Q&A with BFSA President Chad Jackson

  • May 11th, 2021
Chad L. Jackson, president of the BFSA
Chad L. Jackson, president of the BFSA

Chad Jackson, a contract invoice and analytics specialist at the Bryant Conference Center and chair for the College of Continuing Studies’ Diversity Equity and Inclusion Council, is president of the Black Faculty and Staff Association, an organization which he’s been a part of since joining UA in 2017.

BFSA hosted many successful events this past year and set records for student involvement. And more exciting programming is planned for the upcoming academic year.

What were some of BFSA’s highlights this past academic year?

This past fall, because of George Floyd’s social justice campaign, we had a social justice webinar. We brought in the national president of the SCLC, Dr. Charles Steele. We had another webinar in October on “The Plight, Path and Progression of the Black Male in the New Millennium.”

Our greatest attendance was for the panel ‘”Black in the Ivory” with Attorney Terrika Shaw and Drs. Utz McKnight, Nikita Harris and Andre Denham. Those social justice seminars were the greatest opportunities we had to have a voice in our quarantine setting.

This past February we had the first-ever Dr. Trudier Harris Intercollegiate Black History Scholar Bowl. Alabama A&M won. We also created our BFSA digital library of books we recommend and refer people to. We also had the Nyansapo Kente Robing Ceremony in April.

We had BFSA Financial Literacy Summit for our student groups. We have 84 student members, which is the largest number of students we’ve ever had.

What are some of the BFSA’s goals and major projects for the 2021-2022 academic year?

BFSA Wakanda Ball

Our biggest project is raising funds for the BFSA Annual Support and the Quasi-Endowed Scholarship. Our 2020 Black-Tie Scholarship Bowl was canceled due to the pandemic, so we talked about what to do next. We said people like to get dressed up for a cause. We suggested doing something that speaks to our heritage and we selected Wakanda, a fictitious African country in the Marvel comic universe.

So on Feb. 5, we will host the Wakanda Scholarship Ball. We’re asking people to wear formal Kente clothing and regalia. Attendees can go over the top as they want with their attire, just please don’t make any cultural misappropriations. This will be open to the public and be held at the Bryant Conference Center.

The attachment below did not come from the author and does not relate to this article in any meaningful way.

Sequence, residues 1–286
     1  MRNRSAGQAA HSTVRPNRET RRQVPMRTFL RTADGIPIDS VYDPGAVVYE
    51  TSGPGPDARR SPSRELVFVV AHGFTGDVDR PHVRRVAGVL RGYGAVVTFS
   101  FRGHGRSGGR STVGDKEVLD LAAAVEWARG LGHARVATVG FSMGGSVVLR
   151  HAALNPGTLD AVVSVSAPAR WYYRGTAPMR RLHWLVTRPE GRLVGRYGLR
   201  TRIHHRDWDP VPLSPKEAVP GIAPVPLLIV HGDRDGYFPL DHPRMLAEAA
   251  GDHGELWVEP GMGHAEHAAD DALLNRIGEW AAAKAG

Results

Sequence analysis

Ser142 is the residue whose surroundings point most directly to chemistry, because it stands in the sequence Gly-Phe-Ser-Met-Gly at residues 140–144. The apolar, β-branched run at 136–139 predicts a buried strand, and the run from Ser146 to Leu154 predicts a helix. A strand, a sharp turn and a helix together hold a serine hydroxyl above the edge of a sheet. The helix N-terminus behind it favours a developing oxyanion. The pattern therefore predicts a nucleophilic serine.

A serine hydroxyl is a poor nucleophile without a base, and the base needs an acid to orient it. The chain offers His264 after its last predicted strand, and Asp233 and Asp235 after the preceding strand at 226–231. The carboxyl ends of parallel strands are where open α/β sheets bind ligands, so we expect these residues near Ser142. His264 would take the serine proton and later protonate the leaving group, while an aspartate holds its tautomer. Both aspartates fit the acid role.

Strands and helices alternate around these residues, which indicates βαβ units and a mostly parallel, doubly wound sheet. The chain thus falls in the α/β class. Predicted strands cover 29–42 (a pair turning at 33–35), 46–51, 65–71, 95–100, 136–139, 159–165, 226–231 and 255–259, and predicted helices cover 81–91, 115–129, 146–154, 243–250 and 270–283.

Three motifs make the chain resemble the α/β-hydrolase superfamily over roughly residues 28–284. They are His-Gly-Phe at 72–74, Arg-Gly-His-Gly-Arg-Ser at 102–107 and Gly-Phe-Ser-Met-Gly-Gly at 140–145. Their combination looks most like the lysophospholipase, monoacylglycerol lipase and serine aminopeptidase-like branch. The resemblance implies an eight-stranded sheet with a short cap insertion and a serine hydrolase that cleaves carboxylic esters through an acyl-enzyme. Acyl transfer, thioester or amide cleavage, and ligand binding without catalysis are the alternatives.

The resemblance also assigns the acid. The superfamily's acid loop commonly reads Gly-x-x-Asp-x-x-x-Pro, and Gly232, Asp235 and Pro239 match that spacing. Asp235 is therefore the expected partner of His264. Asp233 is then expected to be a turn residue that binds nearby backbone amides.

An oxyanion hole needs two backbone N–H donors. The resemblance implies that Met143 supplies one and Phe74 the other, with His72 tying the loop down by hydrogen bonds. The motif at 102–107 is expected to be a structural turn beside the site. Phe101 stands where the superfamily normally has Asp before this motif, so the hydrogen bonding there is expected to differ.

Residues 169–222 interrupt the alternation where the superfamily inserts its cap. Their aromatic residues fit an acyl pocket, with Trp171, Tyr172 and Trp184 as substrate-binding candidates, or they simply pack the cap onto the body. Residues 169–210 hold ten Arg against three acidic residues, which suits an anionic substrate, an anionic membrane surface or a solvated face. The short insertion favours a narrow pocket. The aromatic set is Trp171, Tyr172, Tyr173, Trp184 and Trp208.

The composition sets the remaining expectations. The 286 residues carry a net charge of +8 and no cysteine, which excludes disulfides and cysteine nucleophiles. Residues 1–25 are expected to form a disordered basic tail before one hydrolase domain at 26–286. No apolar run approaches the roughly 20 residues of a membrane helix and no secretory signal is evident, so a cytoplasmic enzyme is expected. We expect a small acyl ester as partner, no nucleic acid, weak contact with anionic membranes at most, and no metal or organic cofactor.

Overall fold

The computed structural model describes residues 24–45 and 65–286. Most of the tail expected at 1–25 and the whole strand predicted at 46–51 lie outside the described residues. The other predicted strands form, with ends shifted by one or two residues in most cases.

The winners of the 2022 scholar bowl on Feb. 5 will be announced at the ball and the Zumba Dancers, which is an authentic South African dance group, will do an “interruption dance,” where they interrupt the program to dance. They’re also going to teach people Swahili. It’s $45 for early bird tickets and $55 in January and February. Tickets will go on sale on the BFSA website in August.

We have Juneteenth coming up. On June 10 we’ll have Dr. Reynaldo Anderson speaking on “Re-envisioning Freedom through Afrofuturism.” On June 15, Dr. Cynthia Gooch Grayson will speak on “Juneteenth & Genealogy: the Exploration of Black Family.”

How can faculty, staff and students get involved with the BFSA or stay informed?

They can always sign up for our e-blast, attend meetings, support our events and opportunities. But mainly just show up. It’s all about an equitable experience that we want. We don’t need silent partners, we need allies who are willing to stand shoulder-to-shoulder.

What was the biggest lesson the BFSA learned from the past year that will continue to make an impact on the association?

We have to be vigilant, visual and make sure we show agility in using our resources and have an arm of advocacy fighting for equitable education and an equitable experience. We need to be at the table when the decisions are made, and we have to be vocal at the table. We also have been strengthening and forming new partnerships to expand our reach to meet our mission goals.

We’re going to look at opportunities to stay hybrid. Our mission is to be agile during these times for the benefit of our faculty, staff and students. We want to make sure we have activities that employ our mission. We made it through the pandemic by not being scared to take the necessary steps to move things to a virtual platform and now we’re moving things to a hybrid model.

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